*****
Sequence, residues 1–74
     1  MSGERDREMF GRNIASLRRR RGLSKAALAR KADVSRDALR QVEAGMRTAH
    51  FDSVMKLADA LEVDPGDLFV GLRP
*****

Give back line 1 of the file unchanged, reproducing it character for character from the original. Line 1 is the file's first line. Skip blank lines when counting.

Sequence, residues 1–74